Congressional power ebbs and flows. Texans who worry about such things need not fret over Texas’s loss of clout in the House. Indeed, if the state is turning into more of a “swing state,” Texas Democrats might find themselves elevated to positions of power formerly occupied by their Republican colleagues.

For the time being, though, the retirements of six Texas members of Congress does create a dwindling clout for the state on Capitol Hill.

However, it is likely far from a terminal ailment.

Texas House speaker is playing a weird game with colleagues

Talk about doing an end-around …

Texas House Speaker Dennis Bonnen, who’s under fire over a weird conversation he had with a fiery right-wing activist, has squandered the trust of his Republican House colleagues. He could just resign the speakership, but no-o-o. He decided to ask his colleagues to draft a resolution calling for him to quit.

Bonnen, an Angleton Republican, made an emotional speech Friday to his colleagues, apologizing for tossing several of them under the proverbial bus. His colleagues, though, decided against the resolution because House rules — not to mention the Texas Constitution — require them to be in active legislative session to remove a speaker from office.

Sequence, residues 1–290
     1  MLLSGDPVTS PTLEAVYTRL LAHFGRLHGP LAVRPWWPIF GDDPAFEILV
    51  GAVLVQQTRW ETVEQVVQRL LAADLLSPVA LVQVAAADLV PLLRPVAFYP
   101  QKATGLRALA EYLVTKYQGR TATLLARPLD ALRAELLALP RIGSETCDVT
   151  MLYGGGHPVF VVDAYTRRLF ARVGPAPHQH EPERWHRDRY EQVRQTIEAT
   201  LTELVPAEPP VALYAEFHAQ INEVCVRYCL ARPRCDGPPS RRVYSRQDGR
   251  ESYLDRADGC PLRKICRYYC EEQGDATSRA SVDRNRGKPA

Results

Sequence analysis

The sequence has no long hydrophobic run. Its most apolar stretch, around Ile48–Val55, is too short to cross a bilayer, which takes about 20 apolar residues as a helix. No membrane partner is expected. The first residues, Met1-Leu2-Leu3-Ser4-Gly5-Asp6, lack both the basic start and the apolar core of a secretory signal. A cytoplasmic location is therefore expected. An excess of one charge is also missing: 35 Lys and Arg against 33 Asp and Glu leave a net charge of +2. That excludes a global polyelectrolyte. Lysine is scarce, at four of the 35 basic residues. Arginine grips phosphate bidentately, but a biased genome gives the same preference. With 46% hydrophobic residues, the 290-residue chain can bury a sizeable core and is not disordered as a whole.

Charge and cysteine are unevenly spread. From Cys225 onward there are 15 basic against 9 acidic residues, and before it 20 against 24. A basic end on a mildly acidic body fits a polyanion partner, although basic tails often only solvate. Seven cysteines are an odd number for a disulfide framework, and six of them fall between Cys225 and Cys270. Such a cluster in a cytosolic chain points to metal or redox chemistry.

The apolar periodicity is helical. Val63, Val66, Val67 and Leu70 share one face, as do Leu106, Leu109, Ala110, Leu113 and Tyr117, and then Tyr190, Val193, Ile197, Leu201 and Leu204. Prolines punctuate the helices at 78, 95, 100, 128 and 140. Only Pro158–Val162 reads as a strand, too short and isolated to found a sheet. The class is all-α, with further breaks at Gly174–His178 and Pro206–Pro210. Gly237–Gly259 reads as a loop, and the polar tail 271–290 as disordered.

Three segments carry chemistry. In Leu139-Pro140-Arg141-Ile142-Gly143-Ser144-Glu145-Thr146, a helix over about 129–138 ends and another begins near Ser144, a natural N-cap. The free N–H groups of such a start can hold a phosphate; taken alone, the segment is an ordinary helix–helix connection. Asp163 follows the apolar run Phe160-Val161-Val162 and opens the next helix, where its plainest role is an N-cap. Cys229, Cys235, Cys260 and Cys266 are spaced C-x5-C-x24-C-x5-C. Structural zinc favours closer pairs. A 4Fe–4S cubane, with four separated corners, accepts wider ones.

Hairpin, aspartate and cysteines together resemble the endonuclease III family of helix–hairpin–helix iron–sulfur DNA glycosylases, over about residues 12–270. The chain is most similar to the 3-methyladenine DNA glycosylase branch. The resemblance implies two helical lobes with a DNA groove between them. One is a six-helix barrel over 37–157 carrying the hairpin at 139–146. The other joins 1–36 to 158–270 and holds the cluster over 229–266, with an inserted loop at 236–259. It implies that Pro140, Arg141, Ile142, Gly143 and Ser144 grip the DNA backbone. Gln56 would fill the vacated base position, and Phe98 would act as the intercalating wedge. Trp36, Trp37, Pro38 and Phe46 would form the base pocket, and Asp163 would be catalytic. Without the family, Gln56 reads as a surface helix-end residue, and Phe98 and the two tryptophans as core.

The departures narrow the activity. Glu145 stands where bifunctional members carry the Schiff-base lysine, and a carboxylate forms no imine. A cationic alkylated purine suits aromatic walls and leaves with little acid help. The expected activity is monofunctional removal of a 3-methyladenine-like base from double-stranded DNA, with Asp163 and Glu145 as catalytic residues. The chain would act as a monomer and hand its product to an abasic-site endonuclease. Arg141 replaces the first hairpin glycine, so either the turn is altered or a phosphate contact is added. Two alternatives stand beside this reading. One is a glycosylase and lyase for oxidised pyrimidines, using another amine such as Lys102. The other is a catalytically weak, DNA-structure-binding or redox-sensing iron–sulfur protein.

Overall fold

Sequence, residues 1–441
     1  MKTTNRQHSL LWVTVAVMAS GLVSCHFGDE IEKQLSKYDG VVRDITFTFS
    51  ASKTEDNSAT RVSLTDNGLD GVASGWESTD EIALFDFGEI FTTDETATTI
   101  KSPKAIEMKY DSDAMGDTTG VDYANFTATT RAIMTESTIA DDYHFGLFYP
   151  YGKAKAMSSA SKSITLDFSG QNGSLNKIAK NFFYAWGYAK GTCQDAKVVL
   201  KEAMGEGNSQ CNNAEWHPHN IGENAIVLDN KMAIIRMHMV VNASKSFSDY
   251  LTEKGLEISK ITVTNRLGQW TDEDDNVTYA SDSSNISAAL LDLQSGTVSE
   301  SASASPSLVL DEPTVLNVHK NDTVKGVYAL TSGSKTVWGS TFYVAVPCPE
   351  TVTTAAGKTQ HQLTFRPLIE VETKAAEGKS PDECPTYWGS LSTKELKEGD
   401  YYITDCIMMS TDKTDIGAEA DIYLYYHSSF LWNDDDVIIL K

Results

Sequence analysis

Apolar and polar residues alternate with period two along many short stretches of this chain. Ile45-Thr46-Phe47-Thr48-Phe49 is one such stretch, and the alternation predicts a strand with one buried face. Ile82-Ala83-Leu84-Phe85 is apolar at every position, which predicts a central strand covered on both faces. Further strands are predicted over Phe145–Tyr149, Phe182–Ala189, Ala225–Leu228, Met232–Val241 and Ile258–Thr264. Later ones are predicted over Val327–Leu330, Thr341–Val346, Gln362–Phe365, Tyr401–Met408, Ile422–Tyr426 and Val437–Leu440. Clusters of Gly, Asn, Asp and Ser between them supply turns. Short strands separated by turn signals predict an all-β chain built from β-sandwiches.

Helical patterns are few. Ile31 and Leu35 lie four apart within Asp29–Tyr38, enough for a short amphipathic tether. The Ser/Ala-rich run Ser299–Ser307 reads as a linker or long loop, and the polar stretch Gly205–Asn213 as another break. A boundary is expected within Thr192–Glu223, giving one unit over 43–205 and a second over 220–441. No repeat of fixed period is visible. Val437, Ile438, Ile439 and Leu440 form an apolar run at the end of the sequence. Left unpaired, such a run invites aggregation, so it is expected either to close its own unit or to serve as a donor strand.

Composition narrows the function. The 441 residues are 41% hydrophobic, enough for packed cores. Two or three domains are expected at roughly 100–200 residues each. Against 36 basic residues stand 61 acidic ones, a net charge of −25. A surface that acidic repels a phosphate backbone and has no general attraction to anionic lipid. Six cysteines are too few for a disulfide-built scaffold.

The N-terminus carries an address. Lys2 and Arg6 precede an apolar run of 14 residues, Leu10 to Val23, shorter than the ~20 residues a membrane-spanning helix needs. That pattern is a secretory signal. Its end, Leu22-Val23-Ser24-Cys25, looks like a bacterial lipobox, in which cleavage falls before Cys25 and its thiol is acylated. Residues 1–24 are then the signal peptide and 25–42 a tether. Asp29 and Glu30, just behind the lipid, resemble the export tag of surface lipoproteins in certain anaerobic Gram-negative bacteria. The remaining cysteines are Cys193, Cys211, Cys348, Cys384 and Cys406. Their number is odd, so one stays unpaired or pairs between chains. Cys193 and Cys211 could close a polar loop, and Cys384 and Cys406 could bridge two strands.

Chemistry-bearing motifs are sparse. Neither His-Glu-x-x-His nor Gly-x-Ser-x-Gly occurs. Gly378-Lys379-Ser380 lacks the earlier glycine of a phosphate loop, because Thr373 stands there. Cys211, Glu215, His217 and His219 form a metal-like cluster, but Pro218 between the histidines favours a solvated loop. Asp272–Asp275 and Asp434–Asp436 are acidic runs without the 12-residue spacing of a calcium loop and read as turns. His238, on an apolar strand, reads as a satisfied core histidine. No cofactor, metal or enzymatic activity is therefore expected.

Good grief, man. Just quit your speakership! At the very least, just announce you won’t seek the speakership for the 2021 Legislature.

Bonnen took part in a meeting in June with Empower Texans guru Michael Quinn Sullivan, who recorded the meeting he had with Bonnen and with former Texas House GOP chair Dustin Burrows of Lubbock. Bonnen offered Sullivan the names of 10 GOP legislators that Empower Texans could target in the 2020 election. He also offered to grant Empower Texans media credentials, which means House floor access to lawmakers.

Bonnen had tried to deny what he said. Then he apologized for saying mean things about his colleagues. Now we have heard the conversation. Sullivan had it right.

The Friday meeting was a tense affair, according to the Texas Tribune. House GOP members have condemned in strong language what Bonnen told Sullivan. They also are angry with Burrows. It is becoming apparent that Bonnen wouldn’t be re-elected as speaker if he decides to seek the office again.

The speaker is seeking to play some kind of weird game of chicken, it seems to me, with his Republican colleagues, several of whom have called for his resignation. He ought to knock it off.

Just submit your resignation or tell your colleagues you won’t run for the Man of the House job next time around.